Banks in Florida may soon have to deal with new state oversight of how they treat gun businesses if Governor Ron Desantis (R.) gets his way.
On Tuesday, Desantis announced plans to pass new regulations for banks with the goal of preventing them from incorporating social concerns into how they decide which companies to work with. He singled out how major banks have shut out gun businesses in recent years. He even invited Brandon Wexler, owner of Wex Gunworks, on stage to share his story about being dropped by Wells Fargo last month.
“If your bank account is being closed down, your life just got turned upside down,” Wexler told the crowd. “If you can’t transact with a business, you don’t have a business.”
“We are also going to enact protections for Floridians against discrimination by big banks and large financial institutions for their religious, political, or social beliefs,” Desantis said.
The move is part of a broader effort by Desantis to use government regulation to constrain what he views as “woke” corporations from instituting political agendas using their economic influence. It comes as the gun industry is trying to find ways to push back against major banks, such as Bank of America and Citibank, declining to do business with them over the banks’ opposition to certain guns and magazines. Texas has already implemented a law that bars banks that have refused to work with gun companies from doing business with the state, and Republicans in Congress recently introduced a bill that would forbid financial institutions from dropping businesses in the firearms industry.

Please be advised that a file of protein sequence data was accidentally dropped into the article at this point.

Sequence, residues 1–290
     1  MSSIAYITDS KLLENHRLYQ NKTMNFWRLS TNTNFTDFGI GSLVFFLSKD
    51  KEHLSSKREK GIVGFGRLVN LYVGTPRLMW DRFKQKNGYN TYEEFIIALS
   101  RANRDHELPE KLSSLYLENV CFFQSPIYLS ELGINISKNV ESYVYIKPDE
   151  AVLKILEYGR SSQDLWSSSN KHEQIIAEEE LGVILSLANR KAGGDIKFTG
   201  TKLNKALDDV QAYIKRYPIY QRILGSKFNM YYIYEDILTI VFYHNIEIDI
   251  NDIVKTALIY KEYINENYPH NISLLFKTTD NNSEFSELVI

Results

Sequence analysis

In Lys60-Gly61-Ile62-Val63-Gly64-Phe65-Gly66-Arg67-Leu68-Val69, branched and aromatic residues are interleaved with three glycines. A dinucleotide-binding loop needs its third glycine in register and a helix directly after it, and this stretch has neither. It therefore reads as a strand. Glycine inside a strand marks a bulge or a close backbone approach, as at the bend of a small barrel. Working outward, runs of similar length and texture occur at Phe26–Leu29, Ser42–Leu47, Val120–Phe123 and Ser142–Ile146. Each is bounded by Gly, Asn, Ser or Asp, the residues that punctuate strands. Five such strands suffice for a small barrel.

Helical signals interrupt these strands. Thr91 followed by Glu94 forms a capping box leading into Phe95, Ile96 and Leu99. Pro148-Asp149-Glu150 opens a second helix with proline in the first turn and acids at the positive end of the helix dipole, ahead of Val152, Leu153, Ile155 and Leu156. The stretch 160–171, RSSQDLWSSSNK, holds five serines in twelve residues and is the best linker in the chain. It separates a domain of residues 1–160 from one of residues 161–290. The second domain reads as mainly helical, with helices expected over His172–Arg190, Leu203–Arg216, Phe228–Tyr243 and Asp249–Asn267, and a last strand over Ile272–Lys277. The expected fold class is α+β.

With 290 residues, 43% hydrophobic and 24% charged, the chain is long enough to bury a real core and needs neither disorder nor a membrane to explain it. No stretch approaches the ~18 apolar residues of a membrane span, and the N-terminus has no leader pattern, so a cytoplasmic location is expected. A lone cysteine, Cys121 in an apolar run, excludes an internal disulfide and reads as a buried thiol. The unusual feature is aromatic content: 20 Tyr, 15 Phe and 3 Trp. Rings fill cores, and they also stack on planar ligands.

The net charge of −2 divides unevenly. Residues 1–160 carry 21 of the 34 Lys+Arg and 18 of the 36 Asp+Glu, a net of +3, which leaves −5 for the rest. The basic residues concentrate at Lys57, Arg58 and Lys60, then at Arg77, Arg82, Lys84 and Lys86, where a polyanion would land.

The fight over banking for gun businesses has been ongoing since the Obama Administration was caught pressuring financial institutions into cutting ties with industries it disfavored, including gun and ammunition suppliers. It gained renewed attention after several large banks said they wouldn’t do business with anyone who makes or sells “assault weapons” or “high-capacity” magazines. Most recently, Wells Fargo’s decision to drop Wex Gunworks over reputational concerns garnered attention from gun-rights groups and Republican lawmakers alike.
As first reported by The Reload, the bank closed Wexler’s business and personal accounts late last year. In letters it sent to him, the bank said the decision was made after it reviewed his business.
“Wells Fargo performs ongoing reviews of its account relationships in connection with the Bank’s responsibilities to manage risks in its banking operations,” the bank said in a December 22nd letter to Wexler. “We recently reviewed your account relationship and, as a result of this review, we will be closing your above-referenced accounts.”
A second letter said Wells Fargo was canceling Wexler’s business line of credit because its “banking guidelines exclud[e] lending to certain types of businesses.”
Jennifer L. Langan, Head of communications for CSBB & Consumer Lending at Wells Fargo, disputed the claim that the account closures were due to Wexler’s work as a gun dealer.
“Based on our analysis of the risk associated with this customer, we made a decision to close the accounts,” she told The Reload at the time. “Our decision is not based on the industry.”